With over 10,000 baby boomers reaching retirement age every single day, many of these retiring workers are asking questions like “Can I move my 401k without penalty?” and “Should I transfer my 401k to an annuity.” Both are questions that involve a 401k rollover strategy.
The first question is an easy one. You can move your 401k without penalty by transferring it to an IRA. This is also a non-taxable event. The second question is a little trickier. You can transfer your 401k to an annuity. The real question is should you? Let’s take a look at why you should or shouldn’t transfer that 401k asset to an annuity.
Transferring your 401k to a personal IRA (Individual Retirement Account) is a non-taxable event. The money transfers from one institution to another under 401k transfer rules, and that transfer is tax free (exempt from federal tax and state tax) to your rollover IRA. That’s the nuts and bolts on how to administratively get it done.
The bigger question is what are you trying to achieve. I always ask 2 questions to determine if you need to consider an annuity.
I bolded CONTRACTUAL for a reason. Annuities are contracts issued by life insurance companies and primarily solve for lifetime income or principal protection. If you don’t need to accomplish either or both of those two solutions, then you do not need an annuity.
In my opinion, if you are still looking for market type growth after transferring your 401k assets, then do not buy an annuity. Regardless of what any agent or advisor will tell you, annuity types that promote market growth have limitations on the upside. If you want real market growth, then go get it. Annuities just won’t be the vehicle to get you there.
Rolling over your 401k to an IRA (i.e. Traditional IRA structure) can be a transition from growth to income. Most 401k plan investment choices are mutual funds geared toward market growth during your working years. For the demographic tidal wave of workers transitioning to retirement, the vast majority are looking for lifetime income guarantees for them and their family. That’s where annuities can be a perfect fit.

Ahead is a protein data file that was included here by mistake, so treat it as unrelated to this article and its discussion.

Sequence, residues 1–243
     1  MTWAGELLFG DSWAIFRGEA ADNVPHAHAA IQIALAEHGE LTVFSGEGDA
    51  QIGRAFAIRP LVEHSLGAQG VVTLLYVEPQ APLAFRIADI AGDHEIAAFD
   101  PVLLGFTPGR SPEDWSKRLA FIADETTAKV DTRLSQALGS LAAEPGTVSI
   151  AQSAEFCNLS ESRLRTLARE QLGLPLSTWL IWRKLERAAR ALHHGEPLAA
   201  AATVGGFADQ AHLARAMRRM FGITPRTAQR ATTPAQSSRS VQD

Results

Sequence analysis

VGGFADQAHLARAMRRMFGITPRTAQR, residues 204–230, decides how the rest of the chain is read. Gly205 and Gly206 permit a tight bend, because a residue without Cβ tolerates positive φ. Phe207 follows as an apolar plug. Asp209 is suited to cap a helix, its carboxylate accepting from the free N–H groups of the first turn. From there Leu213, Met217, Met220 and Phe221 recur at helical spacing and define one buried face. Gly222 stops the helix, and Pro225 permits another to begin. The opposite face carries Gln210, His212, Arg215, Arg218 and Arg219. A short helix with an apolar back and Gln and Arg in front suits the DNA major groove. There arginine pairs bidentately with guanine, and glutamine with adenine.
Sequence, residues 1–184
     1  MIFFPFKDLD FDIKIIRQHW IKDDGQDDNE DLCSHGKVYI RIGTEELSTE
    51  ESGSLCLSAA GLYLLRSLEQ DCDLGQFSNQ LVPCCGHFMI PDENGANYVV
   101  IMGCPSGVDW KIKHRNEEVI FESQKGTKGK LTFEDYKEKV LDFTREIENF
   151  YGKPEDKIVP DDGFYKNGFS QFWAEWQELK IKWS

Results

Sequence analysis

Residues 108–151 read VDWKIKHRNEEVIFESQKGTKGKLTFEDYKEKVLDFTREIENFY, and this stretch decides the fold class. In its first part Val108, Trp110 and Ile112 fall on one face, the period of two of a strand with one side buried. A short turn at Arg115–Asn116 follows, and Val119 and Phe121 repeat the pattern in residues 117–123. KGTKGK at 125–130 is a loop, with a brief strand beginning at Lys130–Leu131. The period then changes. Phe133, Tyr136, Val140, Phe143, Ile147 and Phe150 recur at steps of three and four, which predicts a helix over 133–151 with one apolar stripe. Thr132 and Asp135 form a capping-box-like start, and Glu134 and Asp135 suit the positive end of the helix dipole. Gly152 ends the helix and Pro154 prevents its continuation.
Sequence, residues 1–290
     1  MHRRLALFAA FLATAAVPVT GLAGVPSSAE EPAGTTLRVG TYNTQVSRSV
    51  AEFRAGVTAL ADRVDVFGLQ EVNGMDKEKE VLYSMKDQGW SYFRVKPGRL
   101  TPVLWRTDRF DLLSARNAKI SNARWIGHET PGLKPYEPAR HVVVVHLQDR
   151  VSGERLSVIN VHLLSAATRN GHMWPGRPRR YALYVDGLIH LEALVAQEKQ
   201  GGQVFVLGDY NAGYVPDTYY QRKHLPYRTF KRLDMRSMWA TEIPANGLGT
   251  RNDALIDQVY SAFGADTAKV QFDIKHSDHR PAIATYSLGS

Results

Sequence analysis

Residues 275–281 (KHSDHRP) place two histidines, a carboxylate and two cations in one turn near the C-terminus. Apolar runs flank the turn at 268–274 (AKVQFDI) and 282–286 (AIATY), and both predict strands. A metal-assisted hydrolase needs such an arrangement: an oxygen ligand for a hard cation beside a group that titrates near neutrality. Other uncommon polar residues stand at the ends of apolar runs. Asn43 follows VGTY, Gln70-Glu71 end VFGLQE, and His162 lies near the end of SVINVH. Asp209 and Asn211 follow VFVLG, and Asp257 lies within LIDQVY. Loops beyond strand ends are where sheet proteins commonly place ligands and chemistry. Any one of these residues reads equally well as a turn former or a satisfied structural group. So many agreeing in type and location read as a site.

Annuities offer one benefit that no other financial products offer. That monopoly is lifetime income. There’s no ROI (Return on Investment) until you die because you can never outlive the payments.
If you need income to start as soon as possible, consider transferring some or all of your 401k to a Single Premium Immediate Annuity (SPIA). If you need income to start at a future date, you should consider a Deferred Income Annuity (DIA), Qualified Longevity Annuity Contract (QLAC), or an Income Rider guarantee attached to a deferred annuity. All can be set up “Joint Life” with your spouse/partner, and all of these annuity types can be structured so that any unused money will go 100% to your listed beneficiaries on the policy.
Whether you decide to transfer your previous employer or employer’s plan (i.e. transfer 401k to IRA) comes down to one question. Do you want to continue to shoulder the risk of volatile markets or do you want to transfer that risk?